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posterior_fossa_decompression_for_chiari_type_1_deformity_surgical_technique

Posterior fossa decompression for Chiari type 1 deformity surgical technique

The patient is positioned prone on chest rolls with the head in a Mayfield head-holder or in a horseshoe headrest. Flex the neck to open the interspace between the occiput and posterior arch of C1. The shoulders is retracted inferiorly with adhesive tape. If a fascia lata graft is to be taken, elevate one thigh on a sandbag. A midline skin incision from inion to ≈ C2 spinous process is made. The removal of bone above the foramen magnum should be ≈ 3 cm high by ≈ 3 cm wide (keep the posterior fossa part of these operations small, the main thrust is to open the foramen magnum to decompress the tonsils and an upper cervical laminectomy; the compression is not in the posterior fossa). Excessive removal of occipital bone may allow the cerebellar hemispheres to herniate through the opening (“cerebellar ptosis”), and create additional problems. If a pericranial graft is to be taken, it should be harvested at this time to reduce the amount of blood entering the subsequent dural opening 1).

The pericranial graft can be procured without extending the incision about the inion using the technique of Dr. Robert Ojemann 2). with subgaleal dissection and using a monopolar cautery with a bent tip to incise the periosteum and then a Penfield Dissector #1 to free it from the bone surface.

Open the dura in a “Y” shaped incision, and excise the triangular top flap. CAUTION: the transverse sinuses are usually abnormally low in Chiari malformations. Suture the patch graft to provide more room for the contents (tonsils+medulla).

An option that is sometimes used in pediatrics is to not initially open the dura but to lyse constricting bands over the dura at the foramen magnum and then and use intraoperative ultrasound to determine if there is adequate room for CSF flow, the dura is then opened only if there is not.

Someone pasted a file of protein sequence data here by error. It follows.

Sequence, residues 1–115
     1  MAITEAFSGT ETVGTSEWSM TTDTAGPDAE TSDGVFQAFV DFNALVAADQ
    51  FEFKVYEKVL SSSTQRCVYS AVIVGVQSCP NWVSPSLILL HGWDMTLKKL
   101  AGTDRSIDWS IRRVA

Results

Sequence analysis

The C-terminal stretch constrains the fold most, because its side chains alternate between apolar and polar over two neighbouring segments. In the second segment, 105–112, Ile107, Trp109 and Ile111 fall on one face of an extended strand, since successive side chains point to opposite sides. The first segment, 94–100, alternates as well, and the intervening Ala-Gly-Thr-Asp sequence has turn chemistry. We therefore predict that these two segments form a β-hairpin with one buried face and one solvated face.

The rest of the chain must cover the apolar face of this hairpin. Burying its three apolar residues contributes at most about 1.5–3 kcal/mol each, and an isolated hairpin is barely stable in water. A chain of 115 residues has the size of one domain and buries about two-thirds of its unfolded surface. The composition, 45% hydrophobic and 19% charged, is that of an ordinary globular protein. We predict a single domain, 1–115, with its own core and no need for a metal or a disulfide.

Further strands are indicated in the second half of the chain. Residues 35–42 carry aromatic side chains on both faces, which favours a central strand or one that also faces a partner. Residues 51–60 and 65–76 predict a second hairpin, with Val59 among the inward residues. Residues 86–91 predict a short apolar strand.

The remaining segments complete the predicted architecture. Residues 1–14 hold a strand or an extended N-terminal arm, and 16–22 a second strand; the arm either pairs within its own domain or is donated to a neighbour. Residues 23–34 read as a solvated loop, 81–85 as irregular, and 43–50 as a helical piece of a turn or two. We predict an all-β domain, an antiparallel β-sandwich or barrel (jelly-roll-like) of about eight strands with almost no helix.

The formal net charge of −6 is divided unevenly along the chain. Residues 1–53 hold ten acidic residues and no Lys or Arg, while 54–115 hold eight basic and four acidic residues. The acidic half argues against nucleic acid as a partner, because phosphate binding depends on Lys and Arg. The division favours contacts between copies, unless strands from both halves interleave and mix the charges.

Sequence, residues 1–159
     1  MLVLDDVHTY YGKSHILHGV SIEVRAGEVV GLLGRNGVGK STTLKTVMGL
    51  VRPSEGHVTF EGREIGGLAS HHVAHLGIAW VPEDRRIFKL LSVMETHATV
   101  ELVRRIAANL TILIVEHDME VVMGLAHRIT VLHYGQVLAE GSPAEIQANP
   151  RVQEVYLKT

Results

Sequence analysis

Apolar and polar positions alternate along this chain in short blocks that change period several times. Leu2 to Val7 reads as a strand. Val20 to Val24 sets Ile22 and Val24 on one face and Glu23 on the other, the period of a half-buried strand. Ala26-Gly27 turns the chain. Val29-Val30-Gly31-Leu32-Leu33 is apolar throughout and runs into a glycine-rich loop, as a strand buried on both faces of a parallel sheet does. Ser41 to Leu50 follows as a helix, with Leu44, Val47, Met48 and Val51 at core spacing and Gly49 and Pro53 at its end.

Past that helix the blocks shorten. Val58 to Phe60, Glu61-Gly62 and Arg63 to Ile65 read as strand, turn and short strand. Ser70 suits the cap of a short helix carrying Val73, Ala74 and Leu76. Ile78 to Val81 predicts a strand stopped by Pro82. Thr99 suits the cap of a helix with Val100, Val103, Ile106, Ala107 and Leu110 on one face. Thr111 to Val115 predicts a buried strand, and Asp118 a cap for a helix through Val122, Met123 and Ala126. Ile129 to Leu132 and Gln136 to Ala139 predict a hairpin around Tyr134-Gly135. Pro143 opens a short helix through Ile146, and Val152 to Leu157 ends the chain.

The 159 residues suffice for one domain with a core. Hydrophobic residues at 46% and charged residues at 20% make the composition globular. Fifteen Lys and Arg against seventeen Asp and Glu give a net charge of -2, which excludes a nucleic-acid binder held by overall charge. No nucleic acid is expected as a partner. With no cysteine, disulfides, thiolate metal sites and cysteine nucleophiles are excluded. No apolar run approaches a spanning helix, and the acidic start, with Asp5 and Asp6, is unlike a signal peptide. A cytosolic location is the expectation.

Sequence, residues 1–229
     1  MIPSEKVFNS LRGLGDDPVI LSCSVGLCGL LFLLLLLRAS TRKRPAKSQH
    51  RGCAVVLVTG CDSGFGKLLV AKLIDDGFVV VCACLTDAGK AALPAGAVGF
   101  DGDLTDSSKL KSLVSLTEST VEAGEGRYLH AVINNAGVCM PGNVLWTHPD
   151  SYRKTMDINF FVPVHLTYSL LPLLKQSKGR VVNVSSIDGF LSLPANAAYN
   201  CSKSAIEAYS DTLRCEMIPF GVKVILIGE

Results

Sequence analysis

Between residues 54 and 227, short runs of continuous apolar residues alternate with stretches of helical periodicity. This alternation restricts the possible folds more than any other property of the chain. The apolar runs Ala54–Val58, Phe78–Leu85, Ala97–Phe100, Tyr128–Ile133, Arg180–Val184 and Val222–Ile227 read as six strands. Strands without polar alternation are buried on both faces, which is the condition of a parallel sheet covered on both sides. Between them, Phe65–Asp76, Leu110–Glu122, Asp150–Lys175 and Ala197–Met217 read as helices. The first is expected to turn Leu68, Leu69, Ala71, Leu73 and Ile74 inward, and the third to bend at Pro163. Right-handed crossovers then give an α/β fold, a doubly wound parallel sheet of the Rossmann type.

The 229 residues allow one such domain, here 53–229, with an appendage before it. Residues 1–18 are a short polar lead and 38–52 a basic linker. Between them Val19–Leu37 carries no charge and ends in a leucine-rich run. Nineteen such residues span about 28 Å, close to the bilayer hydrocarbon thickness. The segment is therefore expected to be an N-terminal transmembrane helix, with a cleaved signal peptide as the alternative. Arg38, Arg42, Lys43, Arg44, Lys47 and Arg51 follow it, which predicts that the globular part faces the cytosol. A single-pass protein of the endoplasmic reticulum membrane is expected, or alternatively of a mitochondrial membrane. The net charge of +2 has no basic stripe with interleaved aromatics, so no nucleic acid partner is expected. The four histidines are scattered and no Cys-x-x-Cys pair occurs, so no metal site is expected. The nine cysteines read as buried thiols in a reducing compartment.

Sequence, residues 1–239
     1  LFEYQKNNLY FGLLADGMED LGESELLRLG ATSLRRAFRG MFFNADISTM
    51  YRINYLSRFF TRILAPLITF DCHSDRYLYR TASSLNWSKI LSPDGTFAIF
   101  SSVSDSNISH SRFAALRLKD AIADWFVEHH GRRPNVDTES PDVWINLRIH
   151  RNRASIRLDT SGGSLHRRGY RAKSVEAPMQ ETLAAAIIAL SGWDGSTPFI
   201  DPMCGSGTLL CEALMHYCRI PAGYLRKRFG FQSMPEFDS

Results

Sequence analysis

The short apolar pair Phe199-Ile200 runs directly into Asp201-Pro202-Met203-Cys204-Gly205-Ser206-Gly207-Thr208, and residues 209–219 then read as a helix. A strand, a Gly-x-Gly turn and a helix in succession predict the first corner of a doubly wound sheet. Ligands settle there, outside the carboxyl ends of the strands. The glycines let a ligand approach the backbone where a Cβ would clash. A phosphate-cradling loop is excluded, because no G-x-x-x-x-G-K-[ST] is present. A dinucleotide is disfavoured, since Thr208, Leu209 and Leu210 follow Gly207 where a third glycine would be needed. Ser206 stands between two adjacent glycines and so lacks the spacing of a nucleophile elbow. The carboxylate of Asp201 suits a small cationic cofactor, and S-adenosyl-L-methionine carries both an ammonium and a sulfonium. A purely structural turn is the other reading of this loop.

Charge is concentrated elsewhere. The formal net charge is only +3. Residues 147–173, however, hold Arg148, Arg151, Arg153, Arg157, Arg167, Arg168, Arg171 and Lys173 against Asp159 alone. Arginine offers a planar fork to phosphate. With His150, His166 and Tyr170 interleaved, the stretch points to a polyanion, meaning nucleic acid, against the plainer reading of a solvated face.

Historical procedures that have been appended to the above: plugging the obex (with muscle or teflon), drainage of syrinx if present (fenestration, usually through dorsal root entry zone, with or without stent or shunt), 4th ventricular shunting, terminal ventriculostomy, and opening foramen of Magendie if obstructed.

Current recommendations are that these or other additional procedures beyond dural patch grafting are usually not warranted.

Some authors repeatedly admonish not to attempt to remove adhesions binding the tonsils together (to avoid injuring vital structures, including PICAs). Others recommend cautiously separating the tonsils and even shrinking them down with bipolar cautery.

In cases with ventral brainstem compression, some authors advocate performing a transoral clivus-odontoid resection as they feel these patients may potentially deteriorate with posterior fossa decompression alone 3). Since this deterioration was reversible with odontoidectomy, it may be reasonable to perform this procedure on patients who show signs of deterioration or progression of basilar impression on serial MRIs after posterior fossa decompression.

1) , 2)
Stevens EA, Powers AK, Sweasey TA, Tatter SB, Ojemann RG. Simplified harvest of autologous pericranium for duraplasty in Chiari malformation Type I. Technical note. J Neurosurg Spine. 2009; 11:80–83
3)
Dyste GN, Menezes AH, VanGilder JC. Symptomatic Chiari Malformations: An Analysis of Presentation, Management, and Long-Term Outcome. J Neurosurg. 1989; 71:159–168
posterior_fossa_decompression_for_chiari_type_1_deformity_surgical_technique.txt · Last modified: 2019/08/15 17:47 by administrador